From the Jacket:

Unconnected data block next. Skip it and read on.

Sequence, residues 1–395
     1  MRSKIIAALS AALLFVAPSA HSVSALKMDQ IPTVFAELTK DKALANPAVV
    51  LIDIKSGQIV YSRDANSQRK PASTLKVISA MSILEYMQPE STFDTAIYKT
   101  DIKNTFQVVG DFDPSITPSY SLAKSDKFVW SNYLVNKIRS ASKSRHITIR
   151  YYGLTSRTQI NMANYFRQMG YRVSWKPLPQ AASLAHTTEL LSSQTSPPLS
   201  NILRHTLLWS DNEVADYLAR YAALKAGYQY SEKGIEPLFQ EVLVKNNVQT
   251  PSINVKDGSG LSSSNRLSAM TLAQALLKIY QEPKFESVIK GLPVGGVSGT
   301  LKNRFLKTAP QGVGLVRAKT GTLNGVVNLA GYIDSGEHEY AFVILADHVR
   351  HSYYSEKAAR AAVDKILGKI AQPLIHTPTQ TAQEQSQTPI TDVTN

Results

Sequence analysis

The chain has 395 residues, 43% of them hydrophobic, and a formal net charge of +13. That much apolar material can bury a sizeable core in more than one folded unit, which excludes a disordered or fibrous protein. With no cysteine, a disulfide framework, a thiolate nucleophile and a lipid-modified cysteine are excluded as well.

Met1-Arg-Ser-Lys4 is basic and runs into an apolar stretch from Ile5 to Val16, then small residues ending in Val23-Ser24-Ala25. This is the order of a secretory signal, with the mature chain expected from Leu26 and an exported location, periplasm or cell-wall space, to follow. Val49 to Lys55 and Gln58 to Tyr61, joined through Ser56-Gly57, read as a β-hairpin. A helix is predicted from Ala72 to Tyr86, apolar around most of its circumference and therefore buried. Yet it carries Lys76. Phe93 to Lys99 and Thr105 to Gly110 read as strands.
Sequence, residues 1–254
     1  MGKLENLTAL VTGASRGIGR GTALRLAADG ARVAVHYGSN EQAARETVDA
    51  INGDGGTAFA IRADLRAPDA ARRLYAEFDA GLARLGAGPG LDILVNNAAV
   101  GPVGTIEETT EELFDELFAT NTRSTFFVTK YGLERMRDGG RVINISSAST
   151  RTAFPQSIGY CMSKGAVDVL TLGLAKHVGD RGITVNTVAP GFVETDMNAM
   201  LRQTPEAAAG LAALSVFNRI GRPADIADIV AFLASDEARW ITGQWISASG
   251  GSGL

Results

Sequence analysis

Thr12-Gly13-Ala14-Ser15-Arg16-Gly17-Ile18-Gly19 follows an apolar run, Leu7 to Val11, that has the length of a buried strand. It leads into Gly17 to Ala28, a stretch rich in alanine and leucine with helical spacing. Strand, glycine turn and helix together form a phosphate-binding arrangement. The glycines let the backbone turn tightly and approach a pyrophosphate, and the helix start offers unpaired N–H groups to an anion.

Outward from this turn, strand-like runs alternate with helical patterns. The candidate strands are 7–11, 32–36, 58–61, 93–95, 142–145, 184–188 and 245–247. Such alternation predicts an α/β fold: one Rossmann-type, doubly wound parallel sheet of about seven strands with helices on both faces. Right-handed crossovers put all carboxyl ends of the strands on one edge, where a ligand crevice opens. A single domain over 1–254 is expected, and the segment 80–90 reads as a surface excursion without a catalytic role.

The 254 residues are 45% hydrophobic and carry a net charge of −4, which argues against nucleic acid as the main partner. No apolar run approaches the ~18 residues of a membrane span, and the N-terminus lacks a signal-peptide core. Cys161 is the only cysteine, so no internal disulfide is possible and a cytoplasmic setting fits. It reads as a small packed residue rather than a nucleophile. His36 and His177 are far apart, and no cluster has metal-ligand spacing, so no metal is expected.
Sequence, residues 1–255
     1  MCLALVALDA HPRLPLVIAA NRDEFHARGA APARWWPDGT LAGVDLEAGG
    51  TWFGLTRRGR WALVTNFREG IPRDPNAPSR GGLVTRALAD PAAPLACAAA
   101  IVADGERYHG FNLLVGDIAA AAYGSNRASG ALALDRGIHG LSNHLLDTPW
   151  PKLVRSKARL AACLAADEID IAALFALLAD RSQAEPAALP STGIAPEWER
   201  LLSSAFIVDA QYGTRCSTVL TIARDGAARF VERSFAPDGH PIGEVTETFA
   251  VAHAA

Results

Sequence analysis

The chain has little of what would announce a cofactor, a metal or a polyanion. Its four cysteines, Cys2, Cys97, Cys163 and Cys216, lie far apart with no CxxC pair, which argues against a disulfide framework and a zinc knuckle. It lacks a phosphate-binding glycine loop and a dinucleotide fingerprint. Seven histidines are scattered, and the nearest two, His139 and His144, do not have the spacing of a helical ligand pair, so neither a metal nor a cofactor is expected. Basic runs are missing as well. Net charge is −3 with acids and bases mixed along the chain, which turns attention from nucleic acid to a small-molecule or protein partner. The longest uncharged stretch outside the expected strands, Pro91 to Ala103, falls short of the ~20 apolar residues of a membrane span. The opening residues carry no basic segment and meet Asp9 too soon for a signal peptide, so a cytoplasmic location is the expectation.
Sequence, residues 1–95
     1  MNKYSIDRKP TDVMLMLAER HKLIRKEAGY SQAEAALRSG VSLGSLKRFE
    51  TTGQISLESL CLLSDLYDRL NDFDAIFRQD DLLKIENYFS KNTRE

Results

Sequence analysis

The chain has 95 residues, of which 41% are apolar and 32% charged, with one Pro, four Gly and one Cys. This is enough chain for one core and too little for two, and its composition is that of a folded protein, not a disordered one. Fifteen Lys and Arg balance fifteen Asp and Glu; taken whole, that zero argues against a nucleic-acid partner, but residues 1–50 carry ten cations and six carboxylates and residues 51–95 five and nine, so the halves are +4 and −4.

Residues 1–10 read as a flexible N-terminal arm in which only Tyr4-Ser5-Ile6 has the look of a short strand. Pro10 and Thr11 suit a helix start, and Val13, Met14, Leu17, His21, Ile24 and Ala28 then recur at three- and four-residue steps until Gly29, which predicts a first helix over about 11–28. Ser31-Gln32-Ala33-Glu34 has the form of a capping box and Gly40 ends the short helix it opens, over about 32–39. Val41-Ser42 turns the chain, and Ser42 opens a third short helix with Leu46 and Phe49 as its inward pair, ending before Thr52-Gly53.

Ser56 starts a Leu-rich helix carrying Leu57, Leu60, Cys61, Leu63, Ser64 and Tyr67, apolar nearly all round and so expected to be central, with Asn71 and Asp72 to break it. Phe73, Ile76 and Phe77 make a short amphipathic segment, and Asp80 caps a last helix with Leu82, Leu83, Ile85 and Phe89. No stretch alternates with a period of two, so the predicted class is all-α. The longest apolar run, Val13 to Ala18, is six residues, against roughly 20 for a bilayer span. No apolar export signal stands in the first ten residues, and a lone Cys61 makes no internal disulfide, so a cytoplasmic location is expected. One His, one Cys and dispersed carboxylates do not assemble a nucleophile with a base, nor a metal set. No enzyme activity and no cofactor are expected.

New Mexico art patron Millicent Rogers (1902-1953) was a passionate collector who assembled a stellar collection of Navajo and Zuni silver and turquoise, Hopi silverwork, and Pueblo stone and shell jewelry during the late 1940s and early 1950s when fine late-nineteenth- and early-twentieth-century work could still be found. Her collection provided the foundation for what has become one of America's most important repositories for the aesthetic achievements of Native American artists of the Southwest: The Millicent Rogers Museum. The Millicent Rogers Museum in Taos, New Mexico, houses what is widely considered to be the finest collection of southwestern Indian jewelry in the world. The collection is particularly strong in Hopi and Navajo silverwork and Zuni lapidary work from the 1930s and 1940s as well as striking examples of contemporary jewelry. The book presents the collection through its founding collector Rogers, bringing to life the Taos she discovered in the late 1940s and showcasing the authentic, classic-era jewelry that she collected when Fred Harvey and others were popularizing Indian-made tourist pieces. The lavishly illustrated book also serves as a solid overview of Southwest Indian jewelry from prehistory to the present; as such the only book available.